“The Swimmers” Trailer Promises Heartbreak and Triumph

Based on the incredible true story, The Swimmers recounts the harrowing ordeal of sisters Yusra and Sarah Mardini, who fled the Syrian Civil War. Both competitive swimmers, their skills and courage helped them survive their journey and compete at the highest levels of the sport.

Directed by Sally El Hosaini (My Brother the Devil), who co-wrote the script with by Jack Thorne (Radioactive), the film earned acclaim at this year's Toronto International Film Festival. It also looks genuinely inspiring, as opposed to some of the faux-inspirational movies Thorne has written in the past. This does not look like the kind of movie that will shy away from the horrors the sisters experienced, yet won't be entirely depressing.

The Swimmers opens in limited release on November 11, and streams exclusively on Netflix starting November 23.


About Kip Mooney

Kip Mooney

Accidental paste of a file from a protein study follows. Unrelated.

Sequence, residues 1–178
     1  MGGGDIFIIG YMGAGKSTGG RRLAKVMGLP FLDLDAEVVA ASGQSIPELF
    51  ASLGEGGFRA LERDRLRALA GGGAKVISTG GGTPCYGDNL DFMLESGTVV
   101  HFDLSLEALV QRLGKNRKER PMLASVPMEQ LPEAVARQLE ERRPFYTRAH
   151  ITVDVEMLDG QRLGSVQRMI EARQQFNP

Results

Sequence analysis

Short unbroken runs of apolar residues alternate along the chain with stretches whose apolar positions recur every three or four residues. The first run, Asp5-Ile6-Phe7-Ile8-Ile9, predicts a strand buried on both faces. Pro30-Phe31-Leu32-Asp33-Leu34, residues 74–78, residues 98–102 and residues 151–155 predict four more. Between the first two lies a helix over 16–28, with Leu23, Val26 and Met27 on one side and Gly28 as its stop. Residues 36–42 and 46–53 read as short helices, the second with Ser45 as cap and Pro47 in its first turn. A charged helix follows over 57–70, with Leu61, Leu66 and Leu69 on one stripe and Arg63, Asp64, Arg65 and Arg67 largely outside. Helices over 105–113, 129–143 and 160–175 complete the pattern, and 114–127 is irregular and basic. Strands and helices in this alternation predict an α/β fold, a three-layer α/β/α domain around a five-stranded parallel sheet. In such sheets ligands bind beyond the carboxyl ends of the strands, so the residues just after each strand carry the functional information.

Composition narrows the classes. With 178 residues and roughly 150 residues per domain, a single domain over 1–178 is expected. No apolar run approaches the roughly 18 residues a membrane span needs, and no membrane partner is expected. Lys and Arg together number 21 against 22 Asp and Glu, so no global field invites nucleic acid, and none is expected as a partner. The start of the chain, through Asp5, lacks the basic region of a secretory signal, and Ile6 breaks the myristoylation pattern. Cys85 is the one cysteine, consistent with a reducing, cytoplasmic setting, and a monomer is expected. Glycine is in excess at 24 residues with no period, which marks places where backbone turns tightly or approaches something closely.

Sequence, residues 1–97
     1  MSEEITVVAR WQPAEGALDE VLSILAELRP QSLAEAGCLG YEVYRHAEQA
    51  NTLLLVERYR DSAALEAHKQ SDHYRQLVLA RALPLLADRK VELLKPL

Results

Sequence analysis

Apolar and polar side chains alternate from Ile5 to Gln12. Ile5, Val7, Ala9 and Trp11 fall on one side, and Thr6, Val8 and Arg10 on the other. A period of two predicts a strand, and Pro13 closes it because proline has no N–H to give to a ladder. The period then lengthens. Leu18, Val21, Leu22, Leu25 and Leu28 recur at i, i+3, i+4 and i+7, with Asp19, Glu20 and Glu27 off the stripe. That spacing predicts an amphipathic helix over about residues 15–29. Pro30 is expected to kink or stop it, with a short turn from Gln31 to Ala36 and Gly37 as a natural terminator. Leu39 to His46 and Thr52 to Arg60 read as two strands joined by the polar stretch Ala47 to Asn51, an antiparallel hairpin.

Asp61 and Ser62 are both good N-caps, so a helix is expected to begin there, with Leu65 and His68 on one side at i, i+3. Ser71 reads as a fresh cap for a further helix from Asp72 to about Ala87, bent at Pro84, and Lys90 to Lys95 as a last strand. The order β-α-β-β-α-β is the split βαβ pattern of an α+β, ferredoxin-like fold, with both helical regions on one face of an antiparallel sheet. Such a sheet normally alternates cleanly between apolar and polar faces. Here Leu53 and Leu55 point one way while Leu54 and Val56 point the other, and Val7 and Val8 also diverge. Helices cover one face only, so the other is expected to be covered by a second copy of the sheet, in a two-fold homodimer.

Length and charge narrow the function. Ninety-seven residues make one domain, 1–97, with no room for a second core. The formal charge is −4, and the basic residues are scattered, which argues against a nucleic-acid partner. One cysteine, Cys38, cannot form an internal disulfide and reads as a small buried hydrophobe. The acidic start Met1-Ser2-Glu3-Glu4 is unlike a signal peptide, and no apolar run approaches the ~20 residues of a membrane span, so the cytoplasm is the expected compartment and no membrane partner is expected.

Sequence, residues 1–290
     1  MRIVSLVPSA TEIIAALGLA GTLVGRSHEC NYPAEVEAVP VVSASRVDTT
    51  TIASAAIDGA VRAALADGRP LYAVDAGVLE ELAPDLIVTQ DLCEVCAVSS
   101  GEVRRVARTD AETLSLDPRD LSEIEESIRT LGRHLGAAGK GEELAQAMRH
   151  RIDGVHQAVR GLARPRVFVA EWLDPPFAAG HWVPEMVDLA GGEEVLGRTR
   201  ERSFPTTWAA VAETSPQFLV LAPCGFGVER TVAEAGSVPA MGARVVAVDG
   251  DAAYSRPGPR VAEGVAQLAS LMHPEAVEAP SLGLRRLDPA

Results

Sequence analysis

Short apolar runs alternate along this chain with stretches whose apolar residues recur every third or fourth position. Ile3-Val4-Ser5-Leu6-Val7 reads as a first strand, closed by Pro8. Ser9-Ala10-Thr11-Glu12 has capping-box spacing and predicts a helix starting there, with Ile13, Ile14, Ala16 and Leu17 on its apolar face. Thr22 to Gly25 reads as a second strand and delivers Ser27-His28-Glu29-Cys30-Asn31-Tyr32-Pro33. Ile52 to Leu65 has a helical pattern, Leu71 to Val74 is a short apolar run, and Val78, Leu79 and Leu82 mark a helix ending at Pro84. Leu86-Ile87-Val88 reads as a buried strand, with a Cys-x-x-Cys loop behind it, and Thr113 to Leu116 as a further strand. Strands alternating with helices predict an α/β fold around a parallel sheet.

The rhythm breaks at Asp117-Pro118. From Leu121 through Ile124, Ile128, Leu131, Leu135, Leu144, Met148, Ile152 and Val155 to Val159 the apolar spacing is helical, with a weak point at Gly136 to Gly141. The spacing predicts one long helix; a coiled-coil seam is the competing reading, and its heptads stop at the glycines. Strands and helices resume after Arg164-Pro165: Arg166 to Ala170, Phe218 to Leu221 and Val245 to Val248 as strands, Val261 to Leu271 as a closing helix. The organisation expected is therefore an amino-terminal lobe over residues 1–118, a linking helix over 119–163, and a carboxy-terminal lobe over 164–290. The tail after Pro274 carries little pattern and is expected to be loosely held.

Like many film critics born during and after the 1980s, my hero is Roger Ebert. The man was already the best critic in the nation when he won the Pulitzer in 1975, but his indomitable spirit during and after his recent battle with cancer keeps me coming back to read not only his reviews but his insightful commentary on the everyday. But enough about a guy you know a lot about. I knew I was going to be a film critic—some would say a snob—in middle school, when I had to voraciously defend my position that The Royal Tenenbaums was only a million times better than Adam Sandler’s remake of Mr. Deeds. From then on, I would seek out Wes Anderson’s films and avoid Sandler’s like the plague. Still, I like to think of myself as a populist, and I’ll be just as likely to see the next superhero movie as the next Sundance sensation. The thing I most deplore in a movie is laziness. I’d much rather see movies with big ambitions try and fail than movies with no ambitions succeed at simply existing. I’m also a big advocate of fun-bad movies like The Room and most of Nicolas Cage’s work. In the past, I’ve written for The Dallas Morning News and the North Texas Daily, which I edited for a semester. I also contributed to Dallas-based Pegasus News, which in the circle of life, is now part of The Dallas Morning News, where I got my big break in 2007. Eventually, I’d love to write and talk about film full-time, but until that’s a viable career option, I work as an auditor for Wells Fargo. I hope to one day meet my hero, go to the Toronto International Film Festival, and compete on Jeopardy. Until then, I’m excited to share my love of film with you.